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What allows a judge to make a family provision order?

Have you been left out of a loved one’s will? Or perhaps your inheritance was much smaller than you were expecting? In NSW, you can challenge the contents of a will through a family provision claim.

If you are successful, the courts make a family provision order in your favour, which should result in you receiving a larger share of the deceased’s estate. However, judges are often reluctant to overturn a person’s final wishes, so they will only make family provision orders when certain conditions under the Succession Act 2006 are met. Let’s examine the relevant criteria.

Are you an eligible person?

You cannot make a family provision claim unless you are an eligible person, which means you need to have had a specific relationship with the deceased. Eligible people include:

  • Spouses and de-facto partners;
  • Biological and adopted children;
  • Those who have been partly or wholly dependent on the deceased at any particular time; and
  • Grandchildren, but only if they lived in the same household as the deceased, either immediately prior to their death or at any other time.

Eligibility alone isn’t enough to succeed with a family provision claim; you’ll also need to show there are factors warranting your application for a larger share of the estate.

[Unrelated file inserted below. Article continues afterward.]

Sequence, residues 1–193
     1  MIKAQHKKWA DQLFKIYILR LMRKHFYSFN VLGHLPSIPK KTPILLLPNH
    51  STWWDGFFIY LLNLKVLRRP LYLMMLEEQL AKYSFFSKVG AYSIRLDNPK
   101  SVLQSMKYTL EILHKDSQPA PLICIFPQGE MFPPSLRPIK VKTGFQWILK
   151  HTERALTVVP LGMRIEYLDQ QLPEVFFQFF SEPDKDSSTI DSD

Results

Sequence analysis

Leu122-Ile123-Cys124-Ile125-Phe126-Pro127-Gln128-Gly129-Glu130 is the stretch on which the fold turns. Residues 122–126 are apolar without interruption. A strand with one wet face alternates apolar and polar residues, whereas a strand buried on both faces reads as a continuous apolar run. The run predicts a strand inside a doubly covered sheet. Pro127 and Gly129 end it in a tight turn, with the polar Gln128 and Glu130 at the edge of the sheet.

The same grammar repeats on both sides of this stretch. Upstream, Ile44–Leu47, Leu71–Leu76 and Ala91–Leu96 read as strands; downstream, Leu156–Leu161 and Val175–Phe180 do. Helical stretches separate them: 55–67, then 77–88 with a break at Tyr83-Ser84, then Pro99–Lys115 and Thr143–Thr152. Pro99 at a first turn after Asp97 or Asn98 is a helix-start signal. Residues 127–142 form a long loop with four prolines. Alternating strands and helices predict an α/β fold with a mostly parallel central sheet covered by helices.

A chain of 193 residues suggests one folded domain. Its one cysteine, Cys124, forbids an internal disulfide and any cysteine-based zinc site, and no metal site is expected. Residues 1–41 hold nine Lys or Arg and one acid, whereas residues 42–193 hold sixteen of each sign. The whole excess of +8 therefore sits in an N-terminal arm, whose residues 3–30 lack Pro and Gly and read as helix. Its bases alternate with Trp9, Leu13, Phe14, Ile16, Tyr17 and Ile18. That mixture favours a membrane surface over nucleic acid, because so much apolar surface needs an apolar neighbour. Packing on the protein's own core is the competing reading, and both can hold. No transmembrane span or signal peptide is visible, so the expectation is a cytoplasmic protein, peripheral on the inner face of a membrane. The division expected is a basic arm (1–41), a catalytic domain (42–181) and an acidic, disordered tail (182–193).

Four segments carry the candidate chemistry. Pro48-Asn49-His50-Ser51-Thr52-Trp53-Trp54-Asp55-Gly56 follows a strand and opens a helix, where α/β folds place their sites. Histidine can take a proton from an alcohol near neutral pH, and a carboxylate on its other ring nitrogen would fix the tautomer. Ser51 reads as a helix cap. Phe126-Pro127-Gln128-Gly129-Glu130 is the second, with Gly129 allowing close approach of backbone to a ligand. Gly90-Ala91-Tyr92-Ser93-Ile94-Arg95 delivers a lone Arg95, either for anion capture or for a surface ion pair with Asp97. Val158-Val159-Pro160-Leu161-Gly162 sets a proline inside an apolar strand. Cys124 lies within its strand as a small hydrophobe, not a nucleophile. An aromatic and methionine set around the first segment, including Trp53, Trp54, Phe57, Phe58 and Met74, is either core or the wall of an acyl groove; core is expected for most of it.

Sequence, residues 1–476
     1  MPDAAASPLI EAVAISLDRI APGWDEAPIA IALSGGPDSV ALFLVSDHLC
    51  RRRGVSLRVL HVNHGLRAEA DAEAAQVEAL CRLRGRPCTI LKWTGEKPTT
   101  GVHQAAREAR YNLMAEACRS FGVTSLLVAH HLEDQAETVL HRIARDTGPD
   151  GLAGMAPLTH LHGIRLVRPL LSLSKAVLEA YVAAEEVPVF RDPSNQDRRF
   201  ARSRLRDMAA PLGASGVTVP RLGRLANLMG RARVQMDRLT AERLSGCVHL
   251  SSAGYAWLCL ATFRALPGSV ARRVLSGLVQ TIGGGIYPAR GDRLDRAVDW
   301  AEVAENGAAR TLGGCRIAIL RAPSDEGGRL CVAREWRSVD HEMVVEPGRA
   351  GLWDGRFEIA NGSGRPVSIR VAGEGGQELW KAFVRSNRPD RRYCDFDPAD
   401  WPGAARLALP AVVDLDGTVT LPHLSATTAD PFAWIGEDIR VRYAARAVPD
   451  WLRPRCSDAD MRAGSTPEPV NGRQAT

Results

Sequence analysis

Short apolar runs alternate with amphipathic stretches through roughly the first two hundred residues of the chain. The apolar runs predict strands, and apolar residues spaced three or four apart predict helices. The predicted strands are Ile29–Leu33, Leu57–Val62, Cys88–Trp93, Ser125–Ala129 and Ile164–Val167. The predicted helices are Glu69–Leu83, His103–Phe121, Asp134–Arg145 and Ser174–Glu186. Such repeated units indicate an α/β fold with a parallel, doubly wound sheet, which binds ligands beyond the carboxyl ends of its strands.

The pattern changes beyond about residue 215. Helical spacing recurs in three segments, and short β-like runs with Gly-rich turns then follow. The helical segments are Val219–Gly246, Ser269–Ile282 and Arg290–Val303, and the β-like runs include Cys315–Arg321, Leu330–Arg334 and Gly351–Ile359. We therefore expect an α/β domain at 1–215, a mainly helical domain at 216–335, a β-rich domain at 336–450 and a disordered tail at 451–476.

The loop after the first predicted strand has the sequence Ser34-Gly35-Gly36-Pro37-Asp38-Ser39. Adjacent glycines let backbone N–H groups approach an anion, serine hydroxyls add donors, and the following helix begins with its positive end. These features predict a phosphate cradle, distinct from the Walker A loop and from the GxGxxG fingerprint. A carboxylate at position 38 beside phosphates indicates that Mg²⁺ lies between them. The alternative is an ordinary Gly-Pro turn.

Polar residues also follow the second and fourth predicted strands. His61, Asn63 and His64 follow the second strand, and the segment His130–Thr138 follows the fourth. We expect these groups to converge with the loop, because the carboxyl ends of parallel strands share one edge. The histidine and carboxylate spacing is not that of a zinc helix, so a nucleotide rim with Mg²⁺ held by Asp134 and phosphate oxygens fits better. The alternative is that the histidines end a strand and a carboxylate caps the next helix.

Your maintenance, education and advancement in life

Section 59 of the Act contains a frequently cited clause that judges use to gauge whether or not a claimant should receive a family provision order. The Act states that a claim can succeed if the deceased did not provide adequate provision in their will for the proper maintenance, education and advancement in life of the plaintiff.

In other words, did the individual put enough thought into your future when writing their final wishes? This may seem highly subjective, but judges will consider a range of objective evidence when making a decision, such as:

  • Your health and financial needs;
  • What provisions were made in the will;
  • The size of the estate;
  • Community expectations of leaving a legacy to family; and
  • The effect an order of provision would have on other beneficiaries.

As every claimant’s circumstances are unique, assessing whether or not a family provision order should be made is difficult.

Nevertheless, Gerard Malouf & Partners Will Dispute Lawyers has decades of experience dealing with family provision claims and can guide you through every step of the process, from early settlements through to court proceedings, if necessary. Please contact us today about our no-win, no-fee service.

© 2021 
Contesting Wills
 — Gerard Malouf & Partners

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